The Government’s legislated ban on excessive card surcharge, which comes into force this week, will mean Australian families should be charged less for purchasing a range of goods and services – including air fares and footy tickets – on their credit and debit cards. The ban comes into effect from Thursday 1 September.
Qantas has already announced sweeping changes to its card surcharging practices under which it will recover only the legitimate cost of accepting cards. Virgin Australia has also indicated that it will introduce new card surcharging arrangements from 1 September, and other major airlines can be expected to do the same.
For example, new and old rates published by Qantas show that a $100 domestic airfare paid for by a credit card that would have effectively attracted a 7 per cent card surcharge under the its old fixed charge regime will, from 1 September, attract a card surcharge of 1.3 per cent or $1.30.
Sports fans and concert goers are also likely to benefit with major ticketing firms also being subject to the ban, which is good news as we approach the finals.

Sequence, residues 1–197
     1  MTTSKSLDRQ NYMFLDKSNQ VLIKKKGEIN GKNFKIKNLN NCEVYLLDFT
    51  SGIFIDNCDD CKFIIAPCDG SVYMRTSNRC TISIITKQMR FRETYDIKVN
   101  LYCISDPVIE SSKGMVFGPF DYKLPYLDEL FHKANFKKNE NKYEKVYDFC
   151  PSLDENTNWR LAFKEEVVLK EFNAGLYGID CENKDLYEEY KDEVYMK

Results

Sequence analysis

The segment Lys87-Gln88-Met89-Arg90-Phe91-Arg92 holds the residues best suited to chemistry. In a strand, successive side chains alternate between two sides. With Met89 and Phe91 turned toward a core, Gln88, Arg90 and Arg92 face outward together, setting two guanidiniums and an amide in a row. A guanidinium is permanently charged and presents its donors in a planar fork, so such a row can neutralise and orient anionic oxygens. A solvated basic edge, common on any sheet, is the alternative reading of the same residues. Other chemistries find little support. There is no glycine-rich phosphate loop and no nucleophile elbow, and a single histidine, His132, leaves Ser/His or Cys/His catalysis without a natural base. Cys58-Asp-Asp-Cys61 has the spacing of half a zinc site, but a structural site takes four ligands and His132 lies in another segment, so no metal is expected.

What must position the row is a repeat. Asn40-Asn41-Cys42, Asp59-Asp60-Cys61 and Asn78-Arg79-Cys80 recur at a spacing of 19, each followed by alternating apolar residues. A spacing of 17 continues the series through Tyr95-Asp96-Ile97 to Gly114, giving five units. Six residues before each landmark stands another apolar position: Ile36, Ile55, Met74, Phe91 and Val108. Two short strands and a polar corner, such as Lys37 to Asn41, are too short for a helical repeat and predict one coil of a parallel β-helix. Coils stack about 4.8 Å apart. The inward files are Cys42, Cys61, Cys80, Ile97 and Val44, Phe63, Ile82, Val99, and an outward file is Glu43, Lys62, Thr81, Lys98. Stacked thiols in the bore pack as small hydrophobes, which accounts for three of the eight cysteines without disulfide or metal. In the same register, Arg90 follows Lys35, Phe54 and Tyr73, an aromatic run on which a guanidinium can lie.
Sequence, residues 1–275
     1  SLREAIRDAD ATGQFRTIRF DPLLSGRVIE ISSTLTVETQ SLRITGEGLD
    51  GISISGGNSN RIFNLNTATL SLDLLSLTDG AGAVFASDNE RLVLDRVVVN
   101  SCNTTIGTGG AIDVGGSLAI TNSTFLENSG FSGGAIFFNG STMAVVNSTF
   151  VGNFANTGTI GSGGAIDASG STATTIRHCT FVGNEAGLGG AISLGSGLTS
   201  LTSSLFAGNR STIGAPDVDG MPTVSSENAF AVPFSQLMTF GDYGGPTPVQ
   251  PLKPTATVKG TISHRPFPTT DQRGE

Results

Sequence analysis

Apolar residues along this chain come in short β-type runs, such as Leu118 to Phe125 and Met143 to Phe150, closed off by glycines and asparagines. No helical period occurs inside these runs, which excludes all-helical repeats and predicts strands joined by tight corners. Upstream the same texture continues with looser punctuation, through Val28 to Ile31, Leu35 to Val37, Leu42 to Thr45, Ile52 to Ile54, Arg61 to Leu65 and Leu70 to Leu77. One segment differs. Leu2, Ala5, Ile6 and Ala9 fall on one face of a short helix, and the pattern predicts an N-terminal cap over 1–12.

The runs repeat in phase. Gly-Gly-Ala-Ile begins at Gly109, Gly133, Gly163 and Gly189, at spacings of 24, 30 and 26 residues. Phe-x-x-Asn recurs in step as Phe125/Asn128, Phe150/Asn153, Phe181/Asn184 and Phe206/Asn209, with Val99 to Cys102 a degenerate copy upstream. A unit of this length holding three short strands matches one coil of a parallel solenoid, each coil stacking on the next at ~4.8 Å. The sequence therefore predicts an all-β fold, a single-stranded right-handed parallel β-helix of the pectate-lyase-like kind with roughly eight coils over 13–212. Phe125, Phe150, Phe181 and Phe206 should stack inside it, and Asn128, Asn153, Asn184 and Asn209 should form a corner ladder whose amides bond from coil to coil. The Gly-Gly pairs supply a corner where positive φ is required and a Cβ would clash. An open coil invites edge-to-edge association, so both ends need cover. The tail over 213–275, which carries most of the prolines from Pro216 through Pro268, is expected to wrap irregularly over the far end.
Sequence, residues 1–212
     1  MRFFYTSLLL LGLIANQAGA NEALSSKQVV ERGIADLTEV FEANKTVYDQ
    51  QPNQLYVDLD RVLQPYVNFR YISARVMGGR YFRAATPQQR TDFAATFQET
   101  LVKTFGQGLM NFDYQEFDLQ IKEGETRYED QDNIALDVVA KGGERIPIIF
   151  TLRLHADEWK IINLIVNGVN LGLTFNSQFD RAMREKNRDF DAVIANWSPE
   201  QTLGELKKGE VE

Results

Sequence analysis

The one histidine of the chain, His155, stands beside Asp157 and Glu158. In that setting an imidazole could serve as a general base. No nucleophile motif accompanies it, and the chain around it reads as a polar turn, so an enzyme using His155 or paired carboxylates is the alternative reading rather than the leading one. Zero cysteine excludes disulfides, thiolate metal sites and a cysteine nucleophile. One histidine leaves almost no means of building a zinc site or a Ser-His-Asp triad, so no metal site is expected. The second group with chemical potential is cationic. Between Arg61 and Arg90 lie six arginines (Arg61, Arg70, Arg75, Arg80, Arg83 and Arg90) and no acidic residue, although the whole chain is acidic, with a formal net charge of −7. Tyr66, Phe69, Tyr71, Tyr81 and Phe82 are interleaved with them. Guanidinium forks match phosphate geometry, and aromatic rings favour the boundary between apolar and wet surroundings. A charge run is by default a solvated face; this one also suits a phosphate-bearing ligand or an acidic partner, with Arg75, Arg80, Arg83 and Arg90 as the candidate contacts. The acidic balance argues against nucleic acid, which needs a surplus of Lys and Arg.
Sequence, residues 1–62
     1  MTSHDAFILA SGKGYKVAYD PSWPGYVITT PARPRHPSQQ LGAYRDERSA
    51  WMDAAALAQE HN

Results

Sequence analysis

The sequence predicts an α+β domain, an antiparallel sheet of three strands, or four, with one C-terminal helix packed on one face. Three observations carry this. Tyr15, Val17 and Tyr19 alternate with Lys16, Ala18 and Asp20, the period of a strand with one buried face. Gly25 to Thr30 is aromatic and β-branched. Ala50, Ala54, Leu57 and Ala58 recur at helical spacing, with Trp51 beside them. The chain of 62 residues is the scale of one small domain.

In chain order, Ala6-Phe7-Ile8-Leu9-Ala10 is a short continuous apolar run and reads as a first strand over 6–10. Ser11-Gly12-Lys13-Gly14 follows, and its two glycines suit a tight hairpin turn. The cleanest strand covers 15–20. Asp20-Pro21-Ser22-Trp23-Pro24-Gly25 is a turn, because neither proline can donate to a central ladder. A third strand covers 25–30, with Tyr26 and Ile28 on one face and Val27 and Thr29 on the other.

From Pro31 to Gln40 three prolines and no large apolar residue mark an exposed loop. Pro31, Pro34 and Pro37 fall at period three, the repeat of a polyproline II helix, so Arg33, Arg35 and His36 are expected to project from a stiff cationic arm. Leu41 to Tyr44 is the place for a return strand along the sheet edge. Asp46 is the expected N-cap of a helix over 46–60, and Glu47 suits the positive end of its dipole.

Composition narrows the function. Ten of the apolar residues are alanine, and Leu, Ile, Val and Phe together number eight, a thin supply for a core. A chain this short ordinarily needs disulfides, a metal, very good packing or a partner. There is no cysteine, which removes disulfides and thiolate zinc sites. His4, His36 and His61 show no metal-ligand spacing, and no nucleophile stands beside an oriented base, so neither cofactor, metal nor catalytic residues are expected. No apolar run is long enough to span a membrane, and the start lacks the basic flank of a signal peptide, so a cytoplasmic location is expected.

The Australian Competition and Consumer Commission (ACCC) has responsibility for enforcing the ban, and there are substantial penalties in place for merchants who do not comply. The ban initially applies to large businesses (defined as having two of the following: gross revenue of $25 million or more, gross assets worth $12.5 million or more, or with 50 or more employees).
Smaller merchants will have a further twelve months to comply, enabling them to put compliance systems in place.
Whilst many merchants do pass on costs fairly, some have been engaged in this practice abusively. Consumers are entitled to a fair deal.
Earlier this year the Reserve Bank of Australia Payments System Board published standards limiting the permitted card surcharge to the costs of processing a payment.
Penalties of up to $1.1 million will apply to large companies which fail to comply with the new ban on excessive card surcharging.